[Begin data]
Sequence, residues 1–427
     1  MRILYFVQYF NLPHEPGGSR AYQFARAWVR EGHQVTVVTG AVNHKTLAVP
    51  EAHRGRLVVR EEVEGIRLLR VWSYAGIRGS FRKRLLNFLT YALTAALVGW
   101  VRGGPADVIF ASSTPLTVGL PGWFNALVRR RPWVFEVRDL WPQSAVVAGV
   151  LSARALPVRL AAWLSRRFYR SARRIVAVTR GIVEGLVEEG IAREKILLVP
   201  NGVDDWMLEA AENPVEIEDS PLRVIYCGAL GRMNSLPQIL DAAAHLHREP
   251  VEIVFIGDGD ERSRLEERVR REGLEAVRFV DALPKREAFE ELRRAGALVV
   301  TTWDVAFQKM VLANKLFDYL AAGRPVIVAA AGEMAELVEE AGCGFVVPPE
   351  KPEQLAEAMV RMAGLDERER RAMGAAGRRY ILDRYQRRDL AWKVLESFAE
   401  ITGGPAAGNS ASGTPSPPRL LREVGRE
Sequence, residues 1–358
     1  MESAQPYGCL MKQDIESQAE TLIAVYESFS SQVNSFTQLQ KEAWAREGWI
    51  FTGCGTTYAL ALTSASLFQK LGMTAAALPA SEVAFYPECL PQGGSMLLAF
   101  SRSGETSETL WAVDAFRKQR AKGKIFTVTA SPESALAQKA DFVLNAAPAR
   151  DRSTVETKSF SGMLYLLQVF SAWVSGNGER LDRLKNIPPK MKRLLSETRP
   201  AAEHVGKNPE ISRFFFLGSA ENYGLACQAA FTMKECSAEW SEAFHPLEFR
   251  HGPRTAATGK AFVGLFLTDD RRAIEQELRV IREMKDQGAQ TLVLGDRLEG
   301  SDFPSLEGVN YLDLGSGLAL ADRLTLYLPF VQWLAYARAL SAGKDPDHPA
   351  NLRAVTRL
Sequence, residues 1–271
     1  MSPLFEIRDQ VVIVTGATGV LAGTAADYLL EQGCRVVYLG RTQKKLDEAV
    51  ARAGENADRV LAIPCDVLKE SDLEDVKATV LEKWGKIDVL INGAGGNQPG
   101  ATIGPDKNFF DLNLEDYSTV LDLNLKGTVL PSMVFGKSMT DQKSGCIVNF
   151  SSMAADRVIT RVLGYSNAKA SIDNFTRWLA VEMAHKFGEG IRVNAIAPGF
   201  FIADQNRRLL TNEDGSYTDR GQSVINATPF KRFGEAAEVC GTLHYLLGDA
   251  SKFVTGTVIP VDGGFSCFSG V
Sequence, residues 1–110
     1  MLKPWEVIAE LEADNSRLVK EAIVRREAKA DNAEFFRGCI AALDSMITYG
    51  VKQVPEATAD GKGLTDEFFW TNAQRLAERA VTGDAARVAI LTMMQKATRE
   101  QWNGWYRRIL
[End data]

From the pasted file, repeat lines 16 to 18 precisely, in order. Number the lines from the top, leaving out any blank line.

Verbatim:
   201  AAEHVGKNPE ISRFFFLGSA ENYGLACQAA FTMKECSAEW SEAFHPLEFR
   251  HGPRTAATGK AFVGLFLTDD RRAIEQELRV IREMKDQGAQ TLVLGDRLEG
   301  SDFPSLEGVN YLDLGSGLAL ADRLTLYLPF VQWLAYARAL SAGKDPDHPA